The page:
Do you make New Year’s resolutions? Did any of these make your list? Any other fiber related resolutions you have? Let us know in the comments!
We have created a visual step by step guide to help you learn about the basics of crochet. Whether you’re new to stitching and would like to learn how to crochet or if you’re a knitter looking to diversify your skills today we’ll teach you how to get started crocheting!
Make A Slip Knot
Before we begin we’ll need to start with a slip knot. Hold a loop of yarn in your right hand, with the yarns crossed. Pick up the strand that is still attached to the ball. This is underneath the cut end of the yarn and is called the tail. Pinch the strand of yarn that’s still attached to your ball of yarn and pull through the loop on your right hand, holding the ends in your left hand. Place this loop on your crochet hook, you’ve created a slip knot! Pull the ends of the yarn to tighten the knot on your crochet hook. Now we’re ready to crochet.
Step 1: Bring the yarn over your crochet hook, making sure that the yarn is coming from behind the hook and towards you over the hook.
Step 2: Pull this loop through the stitch on your hook. You’ve chained one stitch!
Continue to chain stitch until you have enough stitches for your pattern, or you’re happy with the width of your crochet piece.
Single Crochet: First Row
Step 1: Skip the first stitch down from your hook, and insert your crochet hook into the second stitch from the hook, inserting through the center of the stitch.
Step 2: Bring the yarn over the hook, making sure that the yarn is coming from behind the hook and towards you.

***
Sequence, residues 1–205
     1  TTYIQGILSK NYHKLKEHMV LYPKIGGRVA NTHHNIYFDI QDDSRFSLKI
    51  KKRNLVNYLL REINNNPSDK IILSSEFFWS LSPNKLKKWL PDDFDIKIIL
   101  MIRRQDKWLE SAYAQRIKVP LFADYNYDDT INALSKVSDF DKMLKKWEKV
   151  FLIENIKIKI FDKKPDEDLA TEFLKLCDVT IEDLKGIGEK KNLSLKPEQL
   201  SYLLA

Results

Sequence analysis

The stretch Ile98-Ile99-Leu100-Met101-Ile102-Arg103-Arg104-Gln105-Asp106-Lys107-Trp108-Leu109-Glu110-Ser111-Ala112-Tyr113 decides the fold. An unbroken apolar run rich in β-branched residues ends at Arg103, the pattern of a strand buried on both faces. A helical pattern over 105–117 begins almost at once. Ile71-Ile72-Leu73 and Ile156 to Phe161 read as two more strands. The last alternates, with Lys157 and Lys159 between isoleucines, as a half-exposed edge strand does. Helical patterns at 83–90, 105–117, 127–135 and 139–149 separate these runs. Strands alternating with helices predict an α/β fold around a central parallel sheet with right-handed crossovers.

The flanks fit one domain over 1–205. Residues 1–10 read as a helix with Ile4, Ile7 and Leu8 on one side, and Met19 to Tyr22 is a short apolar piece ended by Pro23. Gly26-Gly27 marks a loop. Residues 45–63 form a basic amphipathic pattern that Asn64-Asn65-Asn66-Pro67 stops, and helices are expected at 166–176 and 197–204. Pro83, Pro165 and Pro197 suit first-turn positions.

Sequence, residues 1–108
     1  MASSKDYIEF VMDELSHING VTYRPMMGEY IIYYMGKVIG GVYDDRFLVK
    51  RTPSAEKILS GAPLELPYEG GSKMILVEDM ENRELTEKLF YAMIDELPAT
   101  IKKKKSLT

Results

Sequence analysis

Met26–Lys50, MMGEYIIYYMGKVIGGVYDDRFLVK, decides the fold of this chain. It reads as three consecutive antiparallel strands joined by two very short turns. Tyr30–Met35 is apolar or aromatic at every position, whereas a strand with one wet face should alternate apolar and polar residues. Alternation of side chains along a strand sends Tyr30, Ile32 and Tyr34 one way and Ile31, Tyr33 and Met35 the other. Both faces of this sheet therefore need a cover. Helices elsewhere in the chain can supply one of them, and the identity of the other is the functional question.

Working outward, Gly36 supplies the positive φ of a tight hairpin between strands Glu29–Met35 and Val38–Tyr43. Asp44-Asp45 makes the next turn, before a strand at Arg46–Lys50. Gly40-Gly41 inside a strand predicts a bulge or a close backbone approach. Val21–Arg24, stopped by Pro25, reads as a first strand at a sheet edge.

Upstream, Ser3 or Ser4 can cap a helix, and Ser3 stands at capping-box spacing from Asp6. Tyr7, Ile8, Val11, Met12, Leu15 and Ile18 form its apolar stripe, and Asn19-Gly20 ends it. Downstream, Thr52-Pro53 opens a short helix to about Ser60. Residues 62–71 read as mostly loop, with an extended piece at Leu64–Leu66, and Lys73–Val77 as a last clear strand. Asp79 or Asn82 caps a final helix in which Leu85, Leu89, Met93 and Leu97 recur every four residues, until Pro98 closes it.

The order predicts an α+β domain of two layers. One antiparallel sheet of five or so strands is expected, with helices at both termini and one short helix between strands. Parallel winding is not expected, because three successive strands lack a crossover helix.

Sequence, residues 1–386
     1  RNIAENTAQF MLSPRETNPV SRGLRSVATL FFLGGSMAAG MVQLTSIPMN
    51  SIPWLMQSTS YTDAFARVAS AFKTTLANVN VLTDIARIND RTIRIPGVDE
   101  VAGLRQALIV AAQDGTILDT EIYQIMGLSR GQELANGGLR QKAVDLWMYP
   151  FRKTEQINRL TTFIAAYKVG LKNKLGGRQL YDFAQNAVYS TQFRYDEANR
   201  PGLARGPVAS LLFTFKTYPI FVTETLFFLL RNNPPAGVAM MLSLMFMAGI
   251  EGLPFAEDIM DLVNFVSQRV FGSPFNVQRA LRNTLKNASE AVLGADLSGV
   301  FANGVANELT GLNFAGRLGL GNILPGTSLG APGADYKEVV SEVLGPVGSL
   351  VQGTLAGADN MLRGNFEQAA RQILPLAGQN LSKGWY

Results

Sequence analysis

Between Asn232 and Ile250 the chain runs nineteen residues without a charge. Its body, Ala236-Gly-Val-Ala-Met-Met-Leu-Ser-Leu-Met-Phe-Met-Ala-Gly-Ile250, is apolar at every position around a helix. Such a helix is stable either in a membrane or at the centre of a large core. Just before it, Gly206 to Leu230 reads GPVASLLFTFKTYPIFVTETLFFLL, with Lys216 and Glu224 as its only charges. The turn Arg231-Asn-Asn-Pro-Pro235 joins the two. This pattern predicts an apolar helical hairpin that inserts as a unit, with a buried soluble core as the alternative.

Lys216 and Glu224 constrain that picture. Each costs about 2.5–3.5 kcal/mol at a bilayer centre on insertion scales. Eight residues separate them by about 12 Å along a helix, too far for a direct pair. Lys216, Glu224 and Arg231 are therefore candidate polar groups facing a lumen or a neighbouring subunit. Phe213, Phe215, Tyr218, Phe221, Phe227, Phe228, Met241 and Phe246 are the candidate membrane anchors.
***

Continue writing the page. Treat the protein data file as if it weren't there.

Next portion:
Step 3: Pull this loop through your chain stitch, you’ll now have two stitches on your crochet hook.
Step 4: Bring the yarn over the crochet hook again, then pull the loop through both stitches on your hook.
Step 5: You’ll be left with one stitch on your hook, you’ve just completed your first single crochet stitch! Insert your hook into the next stitch, and repeat from Step 2 until you’ve worked a row of single crochet into all of your chain stitches.
Single Crochet: Next Row
This is what your piece should look like after completing your first single crochet row.
Step 1: Turn your work, and chain 1 stitch by bringing the yarn over the hook, then pulling it through the stitch on your hook. This will give height to the edge of your work so that you’ll have straight edges and clean corners.
Step 2: Insert your hook into the first stitch of the first single crochet row, going through the center so that you’ll have two strands over your hook. Single crochet as before, going back to Steps 2-5 of the Single Crochet First Row. All consecutive rows are started like the this, and the single crochet is the same throughout. It’s important to remember that on the first row you skip the first chain stitch, and then on consecutive rows you chain 1 stitch at the beginning of each row.
To finish cut your yarn, and pull the stitch on your hook up until the cut end of the yarn comes out the other end of your work. Don’t forget… when learning a new skill it will take some practice. Soon you’ll be crocheting like a pro! Have you tried crochet? We’d love to hear your thoughts on learning to crochet.
Knitting. It’s the new yoga. It’s hip. It’s trending. You can knit on your arm or fingers. Celebrities knit. We hear more about knitting today than any other craft.
What’s happened to crochet?
Plenty! Crochet is full of innovation, creativity, and beauty. I sometimes feel crochet is the craft people “admit” to doing. I hear customers in our store say, “I don’t knit, I only crochet.”, almost as if crochet is something less than knitting.
But it’s not less, it’s just different.
I did a quick search on youtube- the word knitting returned 717,000 videos. The word crochet returned 1,670,00 videos. I believe that people like to crochet!
Crochet was the first needle craft I learned. I grew up surrounded by thread crochet pieces that my grandmothers and great-grandmothers had made and I was impressed. At age 17, I went to my local yarn store and took a beginning crochet class. That began a fiber adventure that has lead me to knitting, spinning, tatting, and now even working in a yarn shop. I still enjoy crochet. It’s my personal favorite way to use a lace weight yarn.